Corn futures soared to their highest in nearly two months as official data revealed that the US crop had declined to its weakest condition rating since 2012, adding to concerns over yield prospects posed by the first day of a high-profile Midwest tour.
Chicago corn futures for December leaped to $6.65 ¾ a bushel at one point, before easing back to close at $6.55 ¼ a bushel, up 4.2% on the day and the contract’s best finish since late June.
The gain followed a double dose of disappointing news on the condition of the US corn crop, which has been tested by dryness and heat in many Midwest states.
Worst since 2012
In the first blow, the US Department of Agriculture late on Monday revealed that the condition of the US corn crop had declined by 2 points week on week to 55% rated “good” or “excellent”.
That exceeded investor expectations of a 1-point decline, and meant that the crop was now the lowest rated for the time of year since the drought year of 2012, when the US yield slumped to a 17-year low.
Up to now this growing season, the US corn crop had been rating at least above its 2019 peer, which was the lowest yielding in six years.
Hours later, the Pro Farmer Crop Tour, one of the most closely-watched of the many Midwest crop monitoring events, revealed year-on-year declines in both of the states covered by its first day.
In the eastern Corn Belt, the tour pegged the Ohio yield at 174.17 bushels per acre, below last year’s figure of 185.06 bushels per acre, although above the three-year event average for the state of 169.03 bushels per acre.
Further west in South Dakota, the tour pegged the corn yield at 118.45 bushels per acre, below last year’s 151.45 bushels-per-acre figure and the three-year event average of 161.59 bushels per acre – and, indeed, the lowest figure since 2012.
In South Dakota, “dry conditions starting before pollination and continuing through the end of pollination were evident in the corn samples we pulled,” said Brent Judish, an Iowa farmer and one of the tour scouts.
“Most of the ears we did pull showed pollination issues from both ends of the ear as well as pollination issues on the bottom side of the ears.”
The observations come at a time when the “trade is desperate for a real-time take on US corn and soybean yield potential”, said Richard Feltes at broker RJ O’Brien, adding that many investors suspect the tour “will undermine” US Department of Agriculture forecasts.
The USDA in its August 12 Wasde ag estimates report trimmed its estimate for this year’s US corn yield to 175.4 bushels per acre but, unexpectedly, lifted the soybean figure to 51.9 bushels per acre, above last year’s result.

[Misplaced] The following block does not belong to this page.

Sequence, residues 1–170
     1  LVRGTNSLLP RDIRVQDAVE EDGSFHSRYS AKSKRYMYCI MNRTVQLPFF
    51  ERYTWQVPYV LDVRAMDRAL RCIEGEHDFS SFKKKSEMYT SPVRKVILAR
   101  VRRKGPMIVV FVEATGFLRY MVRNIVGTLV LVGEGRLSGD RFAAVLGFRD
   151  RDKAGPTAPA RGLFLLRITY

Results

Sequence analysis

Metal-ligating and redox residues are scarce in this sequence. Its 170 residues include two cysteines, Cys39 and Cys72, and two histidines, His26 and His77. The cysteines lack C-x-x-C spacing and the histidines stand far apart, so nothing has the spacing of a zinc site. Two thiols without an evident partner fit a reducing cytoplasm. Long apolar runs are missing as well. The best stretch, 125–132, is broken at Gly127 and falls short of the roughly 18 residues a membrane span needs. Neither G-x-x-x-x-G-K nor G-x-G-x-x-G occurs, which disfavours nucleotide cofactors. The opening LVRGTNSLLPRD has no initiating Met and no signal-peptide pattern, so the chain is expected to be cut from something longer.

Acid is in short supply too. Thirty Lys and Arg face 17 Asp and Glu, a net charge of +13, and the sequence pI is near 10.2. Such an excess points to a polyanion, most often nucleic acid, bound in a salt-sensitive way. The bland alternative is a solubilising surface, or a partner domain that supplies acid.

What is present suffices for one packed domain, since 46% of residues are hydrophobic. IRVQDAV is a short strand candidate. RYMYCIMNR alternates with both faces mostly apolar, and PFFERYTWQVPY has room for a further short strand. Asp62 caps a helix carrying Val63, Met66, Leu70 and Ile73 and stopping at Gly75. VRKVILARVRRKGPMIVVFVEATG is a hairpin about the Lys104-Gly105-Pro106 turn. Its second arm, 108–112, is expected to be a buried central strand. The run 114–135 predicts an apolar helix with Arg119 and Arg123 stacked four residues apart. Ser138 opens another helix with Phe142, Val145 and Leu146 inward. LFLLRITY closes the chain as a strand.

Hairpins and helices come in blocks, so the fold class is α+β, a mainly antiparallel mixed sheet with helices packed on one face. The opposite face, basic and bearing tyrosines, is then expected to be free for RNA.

“We are bullish yields,” said Terry Reilly at Futures International, heralding a downgrade to the broker’s yield expectations. Dr Michael Cordonnier, the respected analyst, has already lowered to 173.0 bushels per acre his forecast for this year’s US corn result.
Dr Cordonnier noted that the data used by the USDA in compiling its Wasde yield forecast “was approximately two weeks old by the time the report was released.
“The corn condition declined during the first two weeks of August, so I decided to trim the corn yield a little more.”
However, the weather outlook has turned more benign, with Mr Feltes noting that models are “trending wetter for the western Midwest” with “no sign of sustained Midwest heat”.
Rains over the weekend had trimmed dry areas to “25% of the US Corn Belt”.
World Weather said of the outlook that “the bottom line for the United States will be mostly good” over the next week.
Already, “rain that has already fallen in Texas and Oklahoma has increased soil moisture for better crop development for those crops not seriously damaged or destroyed by this year’s drought.
“Weather in the Midwest, Delta and south eastern states will be mostly good for summer crop development, although there will be pockets that are still a little too dry, but very few areas are critically dry.”
Dr Cordonnier said that the weather forecast “is now more favourable and if the forecast verifies, it might help to stabilise the corn crop”.
Similar to 2012, but…
On the Pro Farmer tour, AgWeb’s Chip Flory reported that “there was a lot of talk this evening about 2012 and how this year’s crop is similar in many ways.
However, even a South Dakota yield of 118.45 bushels per acre would come in well above the state’s 2012 result of 74 bushels per acre, reflecting improved seed types and agronomics.
“It’s probably not a 2012-type disaster.”
The decline in the weekly USDA corn crop rating reflected largely declines in dryness-pressed central and southern Plains states, such as Nebraska, where the reading dropped by 5 points to 42% good or excellent, even as the proportion of topsoil rated “very short” of moisture gained 4 points to 43%.
In Texas, where the rating fell by 2 points week on week to 17%, USDA scouts noted that in the north of the state “there were reports of corn struggling with pollination due to high temperatures”.